Jaipur: Approximately 3,052 Kisan Credit Card (KCC) holding farmers of Ramgarh Ujjalwas, Bhukarka and Gorkhana villages in Rajasthan’s Hanumangarh district have been denied insurance claim for Kharif 2017 apparently because the State Bank of India (SBI) didn’t credit the debited premium of the farmers to Bajaj Allianz general insurance company limited.
The SBI’s Ramgarh Ujjalwas branch transferred the insurance premium to Agriculture Insurance Company of India limited’s (AIC) bank account instead of Bajaj Allianz and when AIC returned, the deadline for payment had already expired. The other two branches – Bhukarka and Gorkhana – made no attempt to pay the premium.
Speaking to The Wire, Mukesh Kumar, manager of the SBI’s Ramgarh Ujjalwas branch accepted that the premium to the insurance company couldn’t be paid on time. “Due to work overload, the insurance premium was mistakenly transferred to AIC instead of Bajaj Allianz. When we realised our mistake, we made the payment to the correct company, but they didn’t accept it as it was late by ten days.”
Interestingly, after the Crop Cutting Experiments (CCEs) data for Kharif 2017 revealed that the district has suffered yield losses and is eligible for insurance cover available under Prime Minister Fasal Bima Yojana (PMFBY), these SBI branches credited the farmers’ account with the PMFBY premium it had deducted earlier instead of the claim amount.
Kheta Ram, a KCC-holding farmer from the Ramgarh SBI branch who had sought a crop loan of about 10.70 lakh to plant guar and cotton (narma) on his five hectares of land in Kharif 2017 season was credited his premium back after his crop yield recorded a loss.
“Last year, for Kharif 2016, I received a claim of Rs 18,000 for my KCC loan of Rs 1.6 lakh. But for Kharif 2017, I had taken a KCC loan of Rs 10.70 lakh and the bank paid me only Rs 302.40 as claim. Insurance claim is only 30% recovery of our losses, but now the banks are not willing to pay even that.”
As per Kheta Ram’s pass book accessed by The Wire, Rs 302.40 that was deducted from his account as PMFBY premium was credited back to his account as insurance claim on June 28 this year.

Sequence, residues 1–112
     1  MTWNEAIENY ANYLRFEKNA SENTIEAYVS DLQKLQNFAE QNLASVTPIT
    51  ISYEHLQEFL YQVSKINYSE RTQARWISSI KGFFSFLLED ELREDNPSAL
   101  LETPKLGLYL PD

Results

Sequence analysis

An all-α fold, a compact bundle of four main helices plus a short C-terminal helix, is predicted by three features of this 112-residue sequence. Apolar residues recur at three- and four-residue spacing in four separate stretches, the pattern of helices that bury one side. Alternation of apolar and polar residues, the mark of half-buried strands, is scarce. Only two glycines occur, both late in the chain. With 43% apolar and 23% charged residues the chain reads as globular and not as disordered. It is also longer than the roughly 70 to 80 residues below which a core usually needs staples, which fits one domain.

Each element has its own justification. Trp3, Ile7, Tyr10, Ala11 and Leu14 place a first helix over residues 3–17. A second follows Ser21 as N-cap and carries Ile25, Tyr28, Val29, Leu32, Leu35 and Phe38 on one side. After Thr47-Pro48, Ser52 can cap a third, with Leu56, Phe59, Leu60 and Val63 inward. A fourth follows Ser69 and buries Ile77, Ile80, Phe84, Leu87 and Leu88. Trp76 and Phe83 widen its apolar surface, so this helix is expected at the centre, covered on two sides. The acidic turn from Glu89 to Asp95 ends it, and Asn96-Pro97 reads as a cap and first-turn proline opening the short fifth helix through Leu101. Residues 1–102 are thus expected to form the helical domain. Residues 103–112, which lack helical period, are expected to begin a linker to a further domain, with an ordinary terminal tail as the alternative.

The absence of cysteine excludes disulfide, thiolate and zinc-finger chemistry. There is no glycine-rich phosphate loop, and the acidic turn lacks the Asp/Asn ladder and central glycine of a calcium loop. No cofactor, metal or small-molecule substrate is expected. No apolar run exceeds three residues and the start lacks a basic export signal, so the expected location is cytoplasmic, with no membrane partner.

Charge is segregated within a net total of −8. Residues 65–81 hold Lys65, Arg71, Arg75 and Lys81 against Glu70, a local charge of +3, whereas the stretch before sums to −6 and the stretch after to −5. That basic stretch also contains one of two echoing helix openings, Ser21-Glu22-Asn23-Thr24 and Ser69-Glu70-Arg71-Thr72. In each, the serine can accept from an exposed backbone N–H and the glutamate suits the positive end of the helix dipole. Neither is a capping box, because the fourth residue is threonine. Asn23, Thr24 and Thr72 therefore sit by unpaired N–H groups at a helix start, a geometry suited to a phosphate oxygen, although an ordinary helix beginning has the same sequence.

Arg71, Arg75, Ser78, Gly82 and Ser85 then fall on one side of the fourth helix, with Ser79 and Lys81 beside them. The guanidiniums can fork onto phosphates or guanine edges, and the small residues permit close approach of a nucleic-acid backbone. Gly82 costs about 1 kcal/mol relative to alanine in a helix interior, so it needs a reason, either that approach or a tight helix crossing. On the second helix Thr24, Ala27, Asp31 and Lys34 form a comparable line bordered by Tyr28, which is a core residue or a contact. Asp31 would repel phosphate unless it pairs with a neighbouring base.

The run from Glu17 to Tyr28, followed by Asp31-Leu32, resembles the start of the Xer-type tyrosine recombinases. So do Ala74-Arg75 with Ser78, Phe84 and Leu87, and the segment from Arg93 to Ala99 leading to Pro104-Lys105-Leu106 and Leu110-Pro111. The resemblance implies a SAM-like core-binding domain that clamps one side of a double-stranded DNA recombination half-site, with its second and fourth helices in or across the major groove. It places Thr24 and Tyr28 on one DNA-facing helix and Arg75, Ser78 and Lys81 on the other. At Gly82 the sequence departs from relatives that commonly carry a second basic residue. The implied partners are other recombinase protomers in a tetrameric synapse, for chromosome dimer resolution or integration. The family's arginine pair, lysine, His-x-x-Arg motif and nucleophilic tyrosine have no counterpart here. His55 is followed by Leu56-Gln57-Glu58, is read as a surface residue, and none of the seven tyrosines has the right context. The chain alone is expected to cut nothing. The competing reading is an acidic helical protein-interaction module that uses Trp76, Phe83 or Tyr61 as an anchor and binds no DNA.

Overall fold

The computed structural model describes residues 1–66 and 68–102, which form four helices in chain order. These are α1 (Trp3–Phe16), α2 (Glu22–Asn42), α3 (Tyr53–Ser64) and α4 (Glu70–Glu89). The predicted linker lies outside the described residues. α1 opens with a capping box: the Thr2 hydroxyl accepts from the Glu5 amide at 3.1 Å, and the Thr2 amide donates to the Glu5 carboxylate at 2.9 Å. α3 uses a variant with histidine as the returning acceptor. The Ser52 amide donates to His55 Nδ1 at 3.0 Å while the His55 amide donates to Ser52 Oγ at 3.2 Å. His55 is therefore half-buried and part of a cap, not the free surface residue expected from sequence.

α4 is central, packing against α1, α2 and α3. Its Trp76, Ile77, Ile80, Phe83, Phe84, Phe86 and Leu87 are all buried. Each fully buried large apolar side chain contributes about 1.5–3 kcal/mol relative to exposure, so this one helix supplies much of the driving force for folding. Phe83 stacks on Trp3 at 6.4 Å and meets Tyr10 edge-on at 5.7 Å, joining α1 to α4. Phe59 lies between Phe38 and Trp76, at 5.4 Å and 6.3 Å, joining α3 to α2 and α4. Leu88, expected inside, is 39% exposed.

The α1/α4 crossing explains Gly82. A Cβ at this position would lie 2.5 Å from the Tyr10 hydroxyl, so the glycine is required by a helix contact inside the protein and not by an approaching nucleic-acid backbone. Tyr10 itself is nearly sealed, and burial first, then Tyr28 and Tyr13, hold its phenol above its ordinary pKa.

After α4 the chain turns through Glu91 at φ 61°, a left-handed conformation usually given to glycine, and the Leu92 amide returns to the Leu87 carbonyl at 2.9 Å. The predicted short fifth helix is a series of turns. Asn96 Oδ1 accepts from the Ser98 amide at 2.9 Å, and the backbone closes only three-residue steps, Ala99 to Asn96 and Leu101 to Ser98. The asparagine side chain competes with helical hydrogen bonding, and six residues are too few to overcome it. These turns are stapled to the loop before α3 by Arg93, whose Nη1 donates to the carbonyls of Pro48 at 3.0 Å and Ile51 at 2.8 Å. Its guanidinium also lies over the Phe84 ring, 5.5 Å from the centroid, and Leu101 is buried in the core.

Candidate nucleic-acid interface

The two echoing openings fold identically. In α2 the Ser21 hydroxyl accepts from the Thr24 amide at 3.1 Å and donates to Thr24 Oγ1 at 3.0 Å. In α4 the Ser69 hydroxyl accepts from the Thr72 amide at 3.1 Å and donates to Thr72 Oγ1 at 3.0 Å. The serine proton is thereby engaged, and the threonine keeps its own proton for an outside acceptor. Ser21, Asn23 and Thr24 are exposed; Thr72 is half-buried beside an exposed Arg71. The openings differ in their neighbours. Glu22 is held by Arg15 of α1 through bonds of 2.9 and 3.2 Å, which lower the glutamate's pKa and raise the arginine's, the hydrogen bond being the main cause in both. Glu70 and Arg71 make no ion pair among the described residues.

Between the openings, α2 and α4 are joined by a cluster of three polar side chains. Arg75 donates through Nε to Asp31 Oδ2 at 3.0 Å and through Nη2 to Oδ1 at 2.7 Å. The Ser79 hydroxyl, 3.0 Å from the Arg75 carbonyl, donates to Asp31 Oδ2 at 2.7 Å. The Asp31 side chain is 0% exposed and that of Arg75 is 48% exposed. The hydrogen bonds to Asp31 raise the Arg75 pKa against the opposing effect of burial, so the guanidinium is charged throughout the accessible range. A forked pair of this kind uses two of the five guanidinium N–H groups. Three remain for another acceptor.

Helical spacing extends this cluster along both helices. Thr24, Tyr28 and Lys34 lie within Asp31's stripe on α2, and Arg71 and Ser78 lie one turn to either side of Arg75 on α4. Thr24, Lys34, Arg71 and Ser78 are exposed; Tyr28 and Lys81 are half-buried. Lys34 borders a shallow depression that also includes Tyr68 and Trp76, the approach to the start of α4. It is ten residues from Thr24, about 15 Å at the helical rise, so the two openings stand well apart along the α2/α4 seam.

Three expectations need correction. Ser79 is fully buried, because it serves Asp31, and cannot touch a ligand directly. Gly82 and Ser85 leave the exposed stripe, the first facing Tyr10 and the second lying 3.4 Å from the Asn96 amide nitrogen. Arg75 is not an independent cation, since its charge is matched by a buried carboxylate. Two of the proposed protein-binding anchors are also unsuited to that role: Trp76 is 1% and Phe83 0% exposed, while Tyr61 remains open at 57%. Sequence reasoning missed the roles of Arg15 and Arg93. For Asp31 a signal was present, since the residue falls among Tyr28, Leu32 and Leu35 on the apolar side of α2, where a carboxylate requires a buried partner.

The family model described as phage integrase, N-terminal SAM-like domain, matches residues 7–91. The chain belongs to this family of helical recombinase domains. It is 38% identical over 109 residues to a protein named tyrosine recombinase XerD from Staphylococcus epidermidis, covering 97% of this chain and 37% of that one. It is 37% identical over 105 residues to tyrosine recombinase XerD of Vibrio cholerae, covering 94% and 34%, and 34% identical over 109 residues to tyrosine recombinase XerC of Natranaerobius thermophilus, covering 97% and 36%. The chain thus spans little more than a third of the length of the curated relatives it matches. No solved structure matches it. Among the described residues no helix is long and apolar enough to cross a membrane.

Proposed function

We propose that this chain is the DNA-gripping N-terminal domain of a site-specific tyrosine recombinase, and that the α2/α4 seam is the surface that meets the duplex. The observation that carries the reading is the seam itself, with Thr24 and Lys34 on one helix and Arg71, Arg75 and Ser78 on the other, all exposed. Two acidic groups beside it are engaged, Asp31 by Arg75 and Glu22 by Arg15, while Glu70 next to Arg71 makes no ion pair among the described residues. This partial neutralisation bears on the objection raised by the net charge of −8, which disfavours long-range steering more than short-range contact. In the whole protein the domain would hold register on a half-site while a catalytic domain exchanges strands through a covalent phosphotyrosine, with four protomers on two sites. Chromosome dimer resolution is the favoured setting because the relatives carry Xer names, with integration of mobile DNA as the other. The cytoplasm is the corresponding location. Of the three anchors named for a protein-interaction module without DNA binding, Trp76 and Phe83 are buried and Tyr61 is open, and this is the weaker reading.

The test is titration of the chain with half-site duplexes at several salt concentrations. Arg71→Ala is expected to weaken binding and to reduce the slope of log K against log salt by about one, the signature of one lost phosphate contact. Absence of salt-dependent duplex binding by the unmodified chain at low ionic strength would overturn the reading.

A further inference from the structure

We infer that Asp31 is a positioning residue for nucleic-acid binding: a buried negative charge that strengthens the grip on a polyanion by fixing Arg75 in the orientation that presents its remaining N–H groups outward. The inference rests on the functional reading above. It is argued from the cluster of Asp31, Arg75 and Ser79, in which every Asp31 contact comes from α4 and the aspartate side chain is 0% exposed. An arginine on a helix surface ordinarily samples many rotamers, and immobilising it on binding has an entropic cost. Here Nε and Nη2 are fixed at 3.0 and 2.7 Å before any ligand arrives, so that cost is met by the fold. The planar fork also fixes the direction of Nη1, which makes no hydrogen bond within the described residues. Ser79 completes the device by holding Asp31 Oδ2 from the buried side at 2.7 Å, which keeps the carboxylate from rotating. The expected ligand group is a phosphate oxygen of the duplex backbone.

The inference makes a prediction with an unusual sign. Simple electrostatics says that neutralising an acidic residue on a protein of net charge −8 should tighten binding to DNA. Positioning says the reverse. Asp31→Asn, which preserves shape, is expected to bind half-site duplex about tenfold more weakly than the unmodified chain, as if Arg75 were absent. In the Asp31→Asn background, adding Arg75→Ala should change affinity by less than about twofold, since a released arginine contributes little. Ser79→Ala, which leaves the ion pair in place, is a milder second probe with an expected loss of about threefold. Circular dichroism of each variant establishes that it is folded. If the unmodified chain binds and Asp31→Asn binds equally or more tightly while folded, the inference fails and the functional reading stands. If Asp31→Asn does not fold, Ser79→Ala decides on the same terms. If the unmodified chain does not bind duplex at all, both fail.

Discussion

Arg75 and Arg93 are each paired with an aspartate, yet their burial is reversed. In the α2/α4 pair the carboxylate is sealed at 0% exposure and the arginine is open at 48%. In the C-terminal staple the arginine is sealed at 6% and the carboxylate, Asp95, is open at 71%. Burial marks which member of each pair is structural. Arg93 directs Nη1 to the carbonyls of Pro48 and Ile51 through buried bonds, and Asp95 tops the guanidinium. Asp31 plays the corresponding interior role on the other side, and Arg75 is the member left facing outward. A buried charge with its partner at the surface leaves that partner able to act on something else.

When the matter came to light, the farmers staged a 36-day-long protest in July under the leadership of Balwan Poonia, district president of the All India Kisan Sabha, to compel the bank to pay the insurance claim to the farmers.
“During our 36-day-long protest, we made sure that the bank should pay some token amount to the affected farmers so that it won’t be able to go for an appeal. Had it gone to appeal, the matter would have hung for months,” Poonia told The Wire.
On August 20, the bank agreed to pay the claims to the farmers, which is under process currently. However, the calculation of the claim amount is being processed solely by the SBI.
“The bank made the payment to the incorrect insurance company on the last day, which left no scope for correction. Currently, the SBI’s senior management is looking after the claims for these farmers and we have no involvement in their process. At our level, we have ordered the bank to compensate the farmers,” said Balveer Singh Khati, assistant director (agriculture), Hanumnagarh.
Case of negligence or wilful neglect?
For each notified crop in the insurance units, the farmers who have sought crop loan by financial institutions (cooperative banks, cooperative societies, regional rural banks, commercial banks and land development banks), it is mandatory for the banks to insure all the borrowers under the PMFBY scheme. Loanee farmers’ premiums are recovered from their accounts.
On the SBI’s part, delay in paying the premium or making no attempt to pay it to the insurance company point at a bigger issue with the PMFBY guidelines pertaining to premium submission.
As mandated by the Rajasthan government’s notification for Kharif 2017 dated July 31, 2017, the last date for submission of premium in insurance company’s account through RTGS/NEFT was August 31, 2017. Not paying the premium to the insurance company on the scheduled date makes them absolutely free of any liability.